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Edwards an inspiration to those with breast cancer

Posted December 9, 2010

— Elizabeth Edwards touched everyone she knew, but she also touched countless people she didn't know, especially women living with breast cancer.

Edwards, 61, the estranged wife of two-time Democratic presidential candidate John Edwards, died Tuesday at her Chapel Hill home after a six-year battle with the disease.

A public funeral will be held at 1 p.m. Saturday at Edenton Street United Methodist Church, 228 W. Edenton St. in Raleigh, and she will be buried in a private service at Oakwood Cemetery in Raleigh.

"When I see her on the cover of the paper, it feels like I lost a friend," said Pam Blondin, director of the Triangle's Susan G. Komen Foundation.

Edwards was first diagnosed with cancer in the waning days of the 2004 presidential campaign, when John Edwards, who was then a U.S. senator from North Carolina, was the Democratic nominee for vice president. The couple didn't disclose her illness until after the election.

Tina Quiller-Morgan, who was diagnosed with breast cancer in 2005 and is now in remission, said she has followed Edwards' fight closely.

"I felt a kindred feeling towards her as another survivor," Quiller-Morgan said. "I was very sad (about her death). That was my first reaction. I felt for her as far as her struggle. I felt for her family."

Edwards' cancer went into remission after surgery and months of treatment in 2005, but it resurfaced two years later, as John Edwards was mounting a second run at the White House. The couple agreed that they wouldn't allow the cancer to derail his candidacy.

Because the cancer had moved into her bones, doctors said that it was no longer curable but could be treated. In the weeks before her death, doctors informed her that the cancer had spread further and recommended that she stop treatment.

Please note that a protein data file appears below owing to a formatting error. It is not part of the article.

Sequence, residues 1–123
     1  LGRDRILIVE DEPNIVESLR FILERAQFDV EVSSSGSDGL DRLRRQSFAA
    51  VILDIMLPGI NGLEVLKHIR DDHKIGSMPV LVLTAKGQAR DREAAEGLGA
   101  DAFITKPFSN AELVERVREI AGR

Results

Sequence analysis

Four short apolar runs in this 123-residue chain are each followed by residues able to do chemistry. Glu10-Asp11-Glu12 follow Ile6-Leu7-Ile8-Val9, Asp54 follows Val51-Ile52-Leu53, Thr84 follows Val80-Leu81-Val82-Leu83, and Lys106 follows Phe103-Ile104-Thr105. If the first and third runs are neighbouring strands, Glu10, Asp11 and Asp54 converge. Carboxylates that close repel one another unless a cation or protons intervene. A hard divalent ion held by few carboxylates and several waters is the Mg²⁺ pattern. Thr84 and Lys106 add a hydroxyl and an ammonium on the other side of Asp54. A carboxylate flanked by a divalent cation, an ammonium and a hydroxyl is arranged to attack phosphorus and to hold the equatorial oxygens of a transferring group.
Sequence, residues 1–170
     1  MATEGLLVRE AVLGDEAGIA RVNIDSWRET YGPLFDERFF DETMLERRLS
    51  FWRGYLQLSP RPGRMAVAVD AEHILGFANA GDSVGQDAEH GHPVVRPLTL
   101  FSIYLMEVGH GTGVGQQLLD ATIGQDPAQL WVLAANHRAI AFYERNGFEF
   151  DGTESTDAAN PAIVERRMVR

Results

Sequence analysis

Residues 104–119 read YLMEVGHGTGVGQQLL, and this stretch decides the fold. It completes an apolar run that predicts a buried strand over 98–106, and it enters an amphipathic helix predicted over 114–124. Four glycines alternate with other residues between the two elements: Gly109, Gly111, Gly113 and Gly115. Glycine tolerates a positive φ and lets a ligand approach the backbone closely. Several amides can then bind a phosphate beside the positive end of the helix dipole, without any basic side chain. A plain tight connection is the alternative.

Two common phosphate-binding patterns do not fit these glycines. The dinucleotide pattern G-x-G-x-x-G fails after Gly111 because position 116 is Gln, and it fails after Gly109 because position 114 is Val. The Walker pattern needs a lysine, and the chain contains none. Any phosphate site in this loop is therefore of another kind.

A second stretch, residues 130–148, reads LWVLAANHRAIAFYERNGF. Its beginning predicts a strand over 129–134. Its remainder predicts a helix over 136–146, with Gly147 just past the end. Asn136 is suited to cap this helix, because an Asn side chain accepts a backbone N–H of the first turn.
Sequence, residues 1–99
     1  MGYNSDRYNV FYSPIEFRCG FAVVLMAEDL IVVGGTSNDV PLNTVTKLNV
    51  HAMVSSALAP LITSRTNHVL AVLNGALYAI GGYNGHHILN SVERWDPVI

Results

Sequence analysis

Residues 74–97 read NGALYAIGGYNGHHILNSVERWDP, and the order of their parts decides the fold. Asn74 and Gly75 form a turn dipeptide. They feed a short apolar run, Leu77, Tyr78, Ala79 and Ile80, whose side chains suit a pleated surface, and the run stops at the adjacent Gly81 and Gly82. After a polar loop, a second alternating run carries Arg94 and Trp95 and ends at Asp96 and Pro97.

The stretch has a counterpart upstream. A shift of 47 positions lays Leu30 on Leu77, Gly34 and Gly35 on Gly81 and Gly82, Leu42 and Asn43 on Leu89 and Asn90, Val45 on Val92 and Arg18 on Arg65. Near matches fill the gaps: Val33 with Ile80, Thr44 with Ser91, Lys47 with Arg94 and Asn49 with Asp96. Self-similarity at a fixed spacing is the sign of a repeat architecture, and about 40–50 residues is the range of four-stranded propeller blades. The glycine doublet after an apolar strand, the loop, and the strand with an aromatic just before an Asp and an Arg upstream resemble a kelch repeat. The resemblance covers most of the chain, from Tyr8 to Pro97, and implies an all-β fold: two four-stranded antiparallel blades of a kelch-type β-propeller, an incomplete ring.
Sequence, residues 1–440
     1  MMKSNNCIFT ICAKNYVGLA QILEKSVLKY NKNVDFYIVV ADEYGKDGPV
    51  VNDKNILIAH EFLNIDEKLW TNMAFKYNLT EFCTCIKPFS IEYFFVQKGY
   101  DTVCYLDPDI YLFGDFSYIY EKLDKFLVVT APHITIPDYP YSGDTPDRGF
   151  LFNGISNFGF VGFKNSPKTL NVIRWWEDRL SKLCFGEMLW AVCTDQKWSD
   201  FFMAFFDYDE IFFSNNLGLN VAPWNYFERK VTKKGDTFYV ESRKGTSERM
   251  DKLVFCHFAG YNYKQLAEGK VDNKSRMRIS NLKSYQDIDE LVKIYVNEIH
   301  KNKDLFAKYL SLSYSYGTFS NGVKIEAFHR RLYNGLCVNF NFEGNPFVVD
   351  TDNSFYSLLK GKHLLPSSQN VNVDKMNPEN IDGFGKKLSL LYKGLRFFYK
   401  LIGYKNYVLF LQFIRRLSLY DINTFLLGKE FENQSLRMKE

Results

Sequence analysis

"It does become emotional because, we know, as a survivor, it kind of smacks you in the face each time," Sue McCormick, who has been cancer-free for 20 years, said of Edwards' death.

Still, for breast cancer survivors, there was plenty to admire in Edwards' battle.

Susan G. Komen slogan Edwards an inspiration to those with breast cancer

"What I admire is that she embraced it. She grabbed it as another cause to advocate for," Blondin said. "I hope this was her legacy – the grace with which she fought this disease."

"Her courage, her openness, I think her feistiness, her willingness to be herself in spite of everything (were all admirable qualities)," Quiller-Morgan said.

"(She was) just another mighty warrior that had modeled the way and left her imprint and provided a great inspiration to all the other survivors out there," McCormick said.

"While she will be missed, her spirit lives on in the fight to find the cures for cancer," said Nancy Brinker, chief executive of Susan G. Komen for the Cure.

Edwards is survived by her husband, daughters Cate and Emma Claire and son Jack.

Wade Edwards, the couple's oldest child, was killed in 1996 at age 16 when his Jeep overturned as he was driving from the family's home in Raleigh to their beach house on Figure Eight Island, near Wilmington.

The family said Thursday that Cate Edwards and two longtime friends of Elizabeth Edwards, Hargrave McElroy and Glenn Bergenfield, would deliver the eulogies at the funeral.

The Edwards family has asked that people make donations in her memory to the Wade Edwards Foundation, which supports a computer lab for high school students in Raleigh.


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  • NCSU_JIM Dec 9, 2010

    I heard those sorry protesters that go to dead soldiers funerals, and used hateful reteric about god hating homosexuals, and punishing us for it by 2 wars.

  • YoucanthandletheTRUTH Dec 9, 2010

    mulecitybabe, I am hoping that with the funeral taking place Saturday that the media can move on. Yes, she had some public attention in her life because of her husbands political aspirations and indiscretions, but a week of coverage already is too much! Move along news media! Women die of breast cancer everyday but many live with it too! Her living with this gave her no more courage than every other woman living with it. Nor did she embrace it anymore than the others. You get it, you don't have much of a choice but to deal with it. What makes her so much more inspirational. Enough is enough!

  • mulecitybabe Dec 9, 2010

    Can those of us who have heard more than enough about this woman please get a break? Dying doesn't make her special, nor does it excuse the less than truthful statements she made to the American public when she was running for First Lady.